Wednesday, 4 April 2018

Good morning!  Easter Blessings to everyone.  It has been a busy couple of weeks as we moved from Palm Sunday through Holy Week to Good Friday and Easter.  This cycle always brings us face to face with the two central metaphors of the Christian story, namely death and resurrection.  In the 21st century we are called upon to rethink these terms in the same way in which we approached the "churchy" words in previous weeks.  In some ways 'explaining' the death and resurrection of Christ requires cautious effort as the mystical and historical significance of these events cannot easily be reduced to a modern interpretation.  There is something that will always remain holy mystery in this story.  I did attempt; however; to bring some modern interpretation to these events in recent sermons.  On Good Friday I sought to hold up the wisdom that can come to us when we encounter death.  Despite the ensuing grief and heartache that death brings, it does place life in perspective.  This was true for Jesus as well and it was interesting to note - borrowing an idea from Barbara Brown-Taylor - that Jesus died as he lived: forgiving, compassionate and trusting in the Love of God.  Easter Sunday presented an opportunity to consider the resurrection of hope in the midst of death-dealing situations.  Death is thought to be the ultimate weapon of forces of oppression yet resurrection suggests that the force of Love can push beyond death to continue to inspire hope and change.  If you have a chance to look at (or read) the sermons I would be interested in your response.  Happy Easter week!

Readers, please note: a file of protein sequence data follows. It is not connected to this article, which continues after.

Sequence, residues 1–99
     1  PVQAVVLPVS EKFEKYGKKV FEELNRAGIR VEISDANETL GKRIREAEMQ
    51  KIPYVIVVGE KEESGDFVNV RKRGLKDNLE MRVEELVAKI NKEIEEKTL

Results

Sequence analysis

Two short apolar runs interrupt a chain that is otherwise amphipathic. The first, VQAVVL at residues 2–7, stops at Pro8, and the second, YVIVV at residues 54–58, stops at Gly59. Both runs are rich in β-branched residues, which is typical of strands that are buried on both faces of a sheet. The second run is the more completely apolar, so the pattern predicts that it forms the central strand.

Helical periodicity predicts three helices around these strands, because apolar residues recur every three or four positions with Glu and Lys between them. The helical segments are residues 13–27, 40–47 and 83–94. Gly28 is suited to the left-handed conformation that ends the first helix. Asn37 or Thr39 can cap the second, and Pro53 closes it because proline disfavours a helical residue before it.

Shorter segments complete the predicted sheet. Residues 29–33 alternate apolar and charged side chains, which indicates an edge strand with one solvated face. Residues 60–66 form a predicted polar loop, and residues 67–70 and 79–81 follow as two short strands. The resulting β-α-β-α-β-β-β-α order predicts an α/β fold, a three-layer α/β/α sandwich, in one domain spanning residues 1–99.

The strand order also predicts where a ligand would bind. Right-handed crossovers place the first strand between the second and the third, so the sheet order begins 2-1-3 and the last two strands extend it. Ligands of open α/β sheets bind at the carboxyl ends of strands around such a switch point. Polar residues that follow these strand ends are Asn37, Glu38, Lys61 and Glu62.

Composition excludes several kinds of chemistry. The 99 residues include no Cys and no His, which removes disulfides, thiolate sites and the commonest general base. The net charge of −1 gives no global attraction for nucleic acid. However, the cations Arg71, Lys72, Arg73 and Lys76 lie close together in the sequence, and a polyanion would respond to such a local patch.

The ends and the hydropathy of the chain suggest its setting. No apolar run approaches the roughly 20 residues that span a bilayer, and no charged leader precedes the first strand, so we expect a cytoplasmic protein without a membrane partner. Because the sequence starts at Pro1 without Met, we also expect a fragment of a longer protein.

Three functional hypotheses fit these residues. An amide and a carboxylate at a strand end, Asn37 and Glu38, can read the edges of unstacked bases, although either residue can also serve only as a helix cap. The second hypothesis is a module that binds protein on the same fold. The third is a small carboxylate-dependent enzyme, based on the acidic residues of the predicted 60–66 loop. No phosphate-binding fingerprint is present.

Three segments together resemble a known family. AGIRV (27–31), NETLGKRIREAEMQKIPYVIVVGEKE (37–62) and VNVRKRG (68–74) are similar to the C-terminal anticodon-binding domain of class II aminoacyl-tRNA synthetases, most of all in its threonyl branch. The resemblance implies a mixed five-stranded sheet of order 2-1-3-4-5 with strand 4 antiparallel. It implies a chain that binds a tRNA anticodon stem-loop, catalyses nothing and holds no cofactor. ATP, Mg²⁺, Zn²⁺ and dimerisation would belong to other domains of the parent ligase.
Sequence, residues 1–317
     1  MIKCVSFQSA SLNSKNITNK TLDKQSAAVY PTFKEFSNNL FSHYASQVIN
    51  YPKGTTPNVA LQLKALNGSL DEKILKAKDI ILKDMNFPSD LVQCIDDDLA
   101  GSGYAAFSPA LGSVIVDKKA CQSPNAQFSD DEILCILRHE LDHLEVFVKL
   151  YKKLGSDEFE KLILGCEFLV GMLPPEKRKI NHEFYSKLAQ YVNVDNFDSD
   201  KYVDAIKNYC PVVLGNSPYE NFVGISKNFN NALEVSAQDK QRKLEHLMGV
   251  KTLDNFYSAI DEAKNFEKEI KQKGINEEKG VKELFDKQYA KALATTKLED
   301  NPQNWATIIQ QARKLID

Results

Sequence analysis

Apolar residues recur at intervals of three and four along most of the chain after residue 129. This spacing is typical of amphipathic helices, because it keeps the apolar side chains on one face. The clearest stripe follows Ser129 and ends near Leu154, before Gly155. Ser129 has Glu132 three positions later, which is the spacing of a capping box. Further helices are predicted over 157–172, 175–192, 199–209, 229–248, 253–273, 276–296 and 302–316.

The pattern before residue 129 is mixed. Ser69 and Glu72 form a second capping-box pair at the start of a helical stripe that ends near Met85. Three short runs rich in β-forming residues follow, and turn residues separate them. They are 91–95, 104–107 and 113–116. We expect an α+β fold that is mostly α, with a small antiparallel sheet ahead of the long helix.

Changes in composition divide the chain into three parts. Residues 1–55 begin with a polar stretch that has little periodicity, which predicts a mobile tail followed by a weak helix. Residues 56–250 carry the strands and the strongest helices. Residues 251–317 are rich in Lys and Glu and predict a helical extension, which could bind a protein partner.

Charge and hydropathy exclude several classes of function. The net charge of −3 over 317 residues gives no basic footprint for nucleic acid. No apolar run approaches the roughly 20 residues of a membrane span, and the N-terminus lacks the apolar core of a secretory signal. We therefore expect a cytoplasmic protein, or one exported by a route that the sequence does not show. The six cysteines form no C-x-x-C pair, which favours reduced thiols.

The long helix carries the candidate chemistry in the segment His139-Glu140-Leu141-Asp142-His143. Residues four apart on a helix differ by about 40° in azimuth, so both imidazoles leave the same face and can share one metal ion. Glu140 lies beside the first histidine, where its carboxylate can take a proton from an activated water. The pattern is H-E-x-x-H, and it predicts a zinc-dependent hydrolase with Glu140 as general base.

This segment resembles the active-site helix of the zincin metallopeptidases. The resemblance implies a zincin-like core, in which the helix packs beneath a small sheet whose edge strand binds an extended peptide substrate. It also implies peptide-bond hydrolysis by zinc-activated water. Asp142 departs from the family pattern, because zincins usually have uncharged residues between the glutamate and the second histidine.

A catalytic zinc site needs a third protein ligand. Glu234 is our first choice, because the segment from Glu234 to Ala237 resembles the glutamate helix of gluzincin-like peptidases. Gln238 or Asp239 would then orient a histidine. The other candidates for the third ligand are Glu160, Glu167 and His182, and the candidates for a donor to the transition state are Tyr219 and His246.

1. Hi Brian
    I decided to try once again to leave a comment on the blog...we’ll see if it works on this attempt.
    I was moved by both the Good Friday and Easter Sunday services. I am one of those who disliked the Good Friday re hashing of Jesus death on the cross in light of knowing how the story ends with his resurrection. But your comments have me rethinking that. Your stories reminded me of my personal experience with my parents death...How much of a privilege and honor it felt to be with them in their death despite the challenge of loss and grief. And I appreciated the view of Jesus living as he died...forgiving, compassionate, trusting...the power of love in action.
    As a result of my recent trip to the Haven, I pulled out the book Denial of Death by Ernest Becker and have been trying to read/understand his perspective on our fear of death and subsequent attempt to deny it. It was interesting to see some of the same themes of my life in the Friday service as well. What I am currently pondering is Morrie’s comment on learning to die creating the capacity to learn to live...Im not sure what that learning to die might look like.
    And the examples about the force of love pushing beyond death to inspire hope and change inspire me as well to pick myself up, dust myself off and face again the barriers I see/experience in the world...coming from a place of Love within and around me.
    Blessings to you and your thoughtful and moving words.
    Brenda Goossen

  2. Thank you for these heartfelt reflections Brenda. There is such a powerful metaphor in the Good Friday/Easter event and it surely speaks to every persons who ponders it long enough. I think what Morrie is trying to say is that if we allow ourselves to know the finite nature of life we will live more fully in each moment. Perhaps the summary of that is to push back against the death-denial influences in our society. This means being aware of our mortality but obviously not becoming obsessed by it. It appears that you are doing some important thinking on this topic and others might benefit from your insights if you would consider offering a Sunday morning "two minute" reflection.

    Thanks again - and congrats on being persistent with the technology!